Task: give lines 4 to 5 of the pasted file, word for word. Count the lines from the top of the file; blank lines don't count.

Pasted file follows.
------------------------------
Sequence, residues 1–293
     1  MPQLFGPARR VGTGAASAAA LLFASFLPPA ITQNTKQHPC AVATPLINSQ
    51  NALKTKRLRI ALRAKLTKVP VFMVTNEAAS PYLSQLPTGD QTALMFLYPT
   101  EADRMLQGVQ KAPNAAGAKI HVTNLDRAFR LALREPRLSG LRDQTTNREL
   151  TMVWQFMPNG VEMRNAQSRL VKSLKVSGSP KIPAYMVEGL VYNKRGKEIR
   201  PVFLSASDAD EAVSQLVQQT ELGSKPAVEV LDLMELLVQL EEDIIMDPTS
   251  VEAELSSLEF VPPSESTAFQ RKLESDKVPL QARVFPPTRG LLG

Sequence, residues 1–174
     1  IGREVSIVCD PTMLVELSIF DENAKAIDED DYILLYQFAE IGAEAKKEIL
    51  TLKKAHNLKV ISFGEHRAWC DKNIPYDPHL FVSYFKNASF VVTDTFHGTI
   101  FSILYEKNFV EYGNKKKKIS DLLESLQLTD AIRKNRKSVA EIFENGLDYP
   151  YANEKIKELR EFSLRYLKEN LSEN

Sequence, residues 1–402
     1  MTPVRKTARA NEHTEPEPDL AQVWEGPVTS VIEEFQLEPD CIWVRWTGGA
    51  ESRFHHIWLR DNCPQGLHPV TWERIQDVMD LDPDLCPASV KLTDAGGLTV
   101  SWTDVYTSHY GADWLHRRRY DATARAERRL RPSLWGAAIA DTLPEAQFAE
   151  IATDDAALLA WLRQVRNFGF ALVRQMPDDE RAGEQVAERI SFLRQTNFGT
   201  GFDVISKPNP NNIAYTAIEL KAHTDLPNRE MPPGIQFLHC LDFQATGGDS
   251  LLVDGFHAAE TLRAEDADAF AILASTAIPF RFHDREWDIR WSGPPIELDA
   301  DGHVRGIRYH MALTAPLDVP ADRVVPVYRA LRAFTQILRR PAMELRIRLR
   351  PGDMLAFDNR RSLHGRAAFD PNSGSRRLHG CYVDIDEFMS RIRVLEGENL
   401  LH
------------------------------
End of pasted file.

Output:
   101  EADRMLQGVQ KAPNAAGAKI HVTNLDRAFR LALREPRLSG LRDQTTNREL
   151  TMVWQFMPNG VEMRNAQSRL VKSLKVSGSP KIPAYMVEGL VYNKRGKEIR